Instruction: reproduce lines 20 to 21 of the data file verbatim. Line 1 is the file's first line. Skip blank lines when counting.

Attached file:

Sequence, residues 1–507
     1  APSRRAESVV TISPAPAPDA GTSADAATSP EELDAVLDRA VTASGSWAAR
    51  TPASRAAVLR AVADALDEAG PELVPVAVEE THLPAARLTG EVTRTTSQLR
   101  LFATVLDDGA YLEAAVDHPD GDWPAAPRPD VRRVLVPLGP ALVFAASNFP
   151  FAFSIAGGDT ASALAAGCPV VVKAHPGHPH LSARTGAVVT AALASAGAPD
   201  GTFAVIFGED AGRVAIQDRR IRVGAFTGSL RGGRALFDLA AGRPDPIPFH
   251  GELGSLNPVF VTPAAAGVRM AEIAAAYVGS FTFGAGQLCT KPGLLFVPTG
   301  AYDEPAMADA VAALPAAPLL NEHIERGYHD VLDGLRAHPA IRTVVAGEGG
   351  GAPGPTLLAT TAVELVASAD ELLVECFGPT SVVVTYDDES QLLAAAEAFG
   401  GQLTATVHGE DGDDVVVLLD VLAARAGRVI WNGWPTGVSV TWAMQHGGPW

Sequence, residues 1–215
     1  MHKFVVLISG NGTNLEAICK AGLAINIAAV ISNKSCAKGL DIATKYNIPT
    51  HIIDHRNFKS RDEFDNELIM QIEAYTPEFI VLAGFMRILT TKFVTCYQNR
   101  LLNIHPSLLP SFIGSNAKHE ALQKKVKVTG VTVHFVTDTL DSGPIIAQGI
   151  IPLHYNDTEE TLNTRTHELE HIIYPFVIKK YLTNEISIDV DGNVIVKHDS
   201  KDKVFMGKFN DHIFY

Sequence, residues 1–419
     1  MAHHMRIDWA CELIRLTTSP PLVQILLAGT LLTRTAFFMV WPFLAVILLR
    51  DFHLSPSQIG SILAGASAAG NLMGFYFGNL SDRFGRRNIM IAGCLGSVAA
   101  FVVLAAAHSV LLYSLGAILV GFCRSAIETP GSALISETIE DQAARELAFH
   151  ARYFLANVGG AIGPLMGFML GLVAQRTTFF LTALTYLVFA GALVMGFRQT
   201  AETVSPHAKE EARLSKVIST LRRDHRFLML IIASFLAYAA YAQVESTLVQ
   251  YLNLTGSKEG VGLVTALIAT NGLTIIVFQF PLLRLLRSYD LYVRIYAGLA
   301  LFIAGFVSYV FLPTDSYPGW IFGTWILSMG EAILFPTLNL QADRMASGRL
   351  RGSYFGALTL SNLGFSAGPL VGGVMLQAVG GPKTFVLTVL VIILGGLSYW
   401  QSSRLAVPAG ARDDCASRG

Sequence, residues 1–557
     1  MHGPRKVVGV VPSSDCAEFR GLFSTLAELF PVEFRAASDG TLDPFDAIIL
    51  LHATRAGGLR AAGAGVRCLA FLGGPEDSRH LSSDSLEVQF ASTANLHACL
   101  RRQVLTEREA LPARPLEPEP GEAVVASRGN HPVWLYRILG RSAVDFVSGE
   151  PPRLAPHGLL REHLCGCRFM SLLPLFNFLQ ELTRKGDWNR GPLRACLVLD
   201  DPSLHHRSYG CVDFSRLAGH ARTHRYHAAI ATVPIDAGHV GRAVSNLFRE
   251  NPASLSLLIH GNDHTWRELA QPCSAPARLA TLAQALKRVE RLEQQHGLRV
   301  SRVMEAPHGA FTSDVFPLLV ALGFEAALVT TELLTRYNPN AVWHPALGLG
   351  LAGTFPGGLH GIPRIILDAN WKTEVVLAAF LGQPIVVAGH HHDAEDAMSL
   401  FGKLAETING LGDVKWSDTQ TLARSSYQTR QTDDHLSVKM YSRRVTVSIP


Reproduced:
   101  FVVLAAAHSV LLYSLGAILV GFCRSAIETP GSALISETIE DQAARELAFH
   151  ARYFLANVGG AIGPLMGFML GLVAQRTTFF LTALTYLVFA GALVMGFRQT